So I'm very happy about the verdict in her legal battle with Gruner+ Jahr (which I've followed much more closely than any other celebrity trial (which is to say, at all; I generally ignore them)) yesterday. It was one of those media trials where everything seemed so clear-cut, even when people were Rosie-bashing, and it seemed like people were really unfairly out to get her.

Ms. O'Donnell has always spoken her mind, often unpopularly. This is tricky for any celebrity or person in a position of power, and sadly it's still even trickier if that person is a woman, or god forbid, gay. As far as I know, she never called herself "The Queen of Nice," that label was given to her by the press. Even on her talk show, while generally sunny, she could be a hard-ass and her humor often had a dark edge, so why is it so hard for people to accept that she has a multi-faceted personality beyond celebrity crushes and showtunes? If anything I respect her more for being who she is so publicly now, having been saddled with the "nice" thing and risking major tabloid coverage if she says anything negative at all, no matter how uninteresting.

While I don't approve of celebrities being divas, I do respect the fact that someone as famous and publicly scrutinized as Rosie has to protect her image and the quality of her work, for the sake of her personal and professional well-being, as well as for the sake of her family. And it seems to me (and this is as a completely under-informed outside observer) like these publishers were like, "Oh how cute, you want to put your name on a magazine," and weren't prepared for a powerful woman with ideas of her own. I think any of us would flip out if we were treated like that, especially if our name was our brand name, and that brand was in jeopardy. Did she say inappropriate things? If the testimony is to be believed, absolutely. But again, who among us hasn't flown off the handle in anger? The difference is, the Post doesn't care when one of us does it. Everyone I know who actually knows her or has worked with/for her likes her very much, and she was very nice the one time I met her (she didn't shy away from expressing her opinion about the show I was working on that she had come to see, but she was friendly enough about it).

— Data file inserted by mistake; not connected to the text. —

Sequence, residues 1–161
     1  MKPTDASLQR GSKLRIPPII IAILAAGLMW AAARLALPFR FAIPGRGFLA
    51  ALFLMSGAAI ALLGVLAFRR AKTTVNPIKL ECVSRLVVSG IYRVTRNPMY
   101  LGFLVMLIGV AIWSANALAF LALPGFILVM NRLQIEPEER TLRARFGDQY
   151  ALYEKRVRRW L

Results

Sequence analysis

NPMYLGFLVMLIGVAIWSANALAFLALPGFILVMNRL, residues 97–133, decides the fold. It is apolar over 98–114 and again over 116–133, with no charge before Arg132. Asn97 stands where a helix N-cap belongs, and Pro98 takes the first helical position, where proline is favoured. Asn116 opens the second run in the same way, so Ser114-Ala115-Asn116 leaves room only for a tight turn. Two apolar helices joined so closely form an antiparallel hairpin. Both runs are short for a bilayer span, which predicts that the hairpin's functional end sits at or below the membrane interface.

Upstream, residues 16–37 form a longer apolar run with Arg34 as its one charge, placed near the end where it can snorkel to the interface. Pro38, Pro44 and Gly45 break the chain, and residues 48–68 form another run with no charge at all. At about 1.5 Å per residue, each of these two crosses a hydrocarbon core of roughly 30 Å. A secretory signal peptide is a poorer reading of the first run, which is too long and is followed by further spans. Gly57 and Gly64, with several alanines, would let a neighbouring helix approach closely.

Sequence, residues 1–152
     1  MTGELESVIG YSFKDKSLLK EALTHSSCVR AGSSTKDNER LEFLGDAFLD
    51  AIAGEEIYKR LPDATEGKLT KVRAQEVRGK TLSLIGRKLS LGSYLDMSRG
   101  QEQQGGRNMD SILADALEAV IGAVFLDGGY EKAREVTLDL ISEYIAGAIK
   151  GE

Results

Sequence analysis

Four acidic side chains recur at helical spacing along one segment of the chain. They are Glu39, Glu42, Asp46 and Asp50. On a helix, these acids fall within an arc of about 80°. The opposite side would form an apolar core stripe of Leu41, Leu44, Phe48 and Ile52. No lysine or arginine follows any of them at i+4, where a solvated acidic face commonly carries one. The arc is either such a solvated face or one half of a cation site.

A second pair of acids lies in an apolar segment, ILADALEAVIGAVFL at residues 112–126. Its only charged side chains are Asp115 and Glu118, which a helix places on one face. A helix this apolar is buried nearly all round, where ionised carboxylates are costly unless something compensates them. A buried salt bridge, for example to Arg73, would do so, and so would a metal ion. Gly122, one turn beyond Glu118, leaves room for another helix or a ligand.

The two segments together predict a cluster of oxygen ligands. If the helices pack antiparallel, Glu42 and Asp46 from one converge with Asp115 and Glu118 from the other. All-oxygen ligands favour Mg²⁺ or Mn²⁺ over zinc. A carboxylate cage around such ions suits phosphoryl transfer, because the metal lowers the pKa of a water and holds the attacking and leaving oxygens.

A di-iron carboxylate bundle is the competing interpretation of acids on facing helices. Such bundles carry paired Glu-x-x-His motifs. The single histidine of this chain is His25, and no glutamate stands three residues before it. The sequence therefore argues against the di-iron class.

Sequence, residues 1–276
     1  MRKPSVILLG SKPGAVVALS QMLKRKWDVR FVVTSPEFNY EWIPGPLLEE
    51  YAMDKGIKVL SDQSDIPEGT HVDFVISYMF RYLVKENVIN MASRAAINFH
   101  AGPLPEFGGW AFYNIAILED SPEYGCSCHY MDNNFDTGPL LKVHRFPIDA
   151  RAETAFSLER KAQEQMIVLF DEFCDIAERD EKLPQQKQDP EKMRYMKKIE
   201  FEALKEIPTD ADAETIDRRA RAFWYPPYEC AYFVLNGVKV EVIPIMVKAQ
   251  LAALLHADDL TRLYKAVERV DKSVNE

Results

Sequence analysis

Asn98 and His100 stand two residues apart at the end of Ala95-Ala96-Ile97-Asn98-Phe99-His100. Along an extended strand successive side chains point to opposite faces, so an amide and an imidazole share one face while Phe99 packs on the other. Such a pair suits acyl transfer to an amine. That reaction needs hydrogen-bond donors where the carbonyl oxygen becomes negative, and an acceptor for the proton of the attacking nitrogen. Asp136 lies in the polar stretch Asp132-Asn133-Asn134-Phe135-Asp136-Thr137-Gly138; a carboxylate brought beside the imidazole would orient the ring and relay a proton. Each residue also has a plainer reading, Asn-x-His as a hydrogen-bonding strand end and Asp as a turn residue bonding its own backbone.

O'Donnell said two things to the press that I just loved: After testimony that she had objected to a photo of herself with her arms around two actresses on the grounds that it made her uncomfortable "as a lesbian." Rosie replied to the press outside the courthouse, "I have never in my entire life said, 'As a lesbian.' 'As a lesbian, pass me the salt. As a lesbian, blah, blah, blah.'"

A day or two later outside the courthouse, she outlined what she seemed to think was the crux of the case: "My name is Rosie O'Donnell. I know what I stand for, I own the name, I created it, I will always own the name. Whether or not you think that is a good name, a bad name, or what it connotates to you is your own conclusion. But it is not for corporations to decide or determine. It is mine." I agree with this statement so much that I'll forgive her for making up a word and forgetting that her parents presumably named her.

The point is, whatever you think of her public persona, the legal issues (at least as they've been presented in the media) seem pretty cut-and-dried. Rosie wanted to run a magazine, not just lend her name to one, and J&G didn't give her the freedom and control she was contractually promised. Then they sued her when she tried to protect her "brand name" and enforce her original deal.

So the trial ending in a draw (in case anyone missed the endless news reports yesterday, the judge awarded no damages to either side) seems the fairest possible outcome. The judge said, "This is a very ill-conceived lawsuit. It seems to me we're dealing with bragging rights." And he seems to be right. Ms. O'Donnell only seemed to have countersued because they sued her first, and it's not like she needs the money. I hope she's happy, and can now give her full attention to actual projects instead of media circuses.

Good luck, Rosie!

Outright Thievery

I've added a new feature to the sidebar. It's a list of recent purchases/views/listens/reads. Since this blog has turned out to be mostly pop-culture-themed (though I'm trying to balance that a bit) it seems appropriate.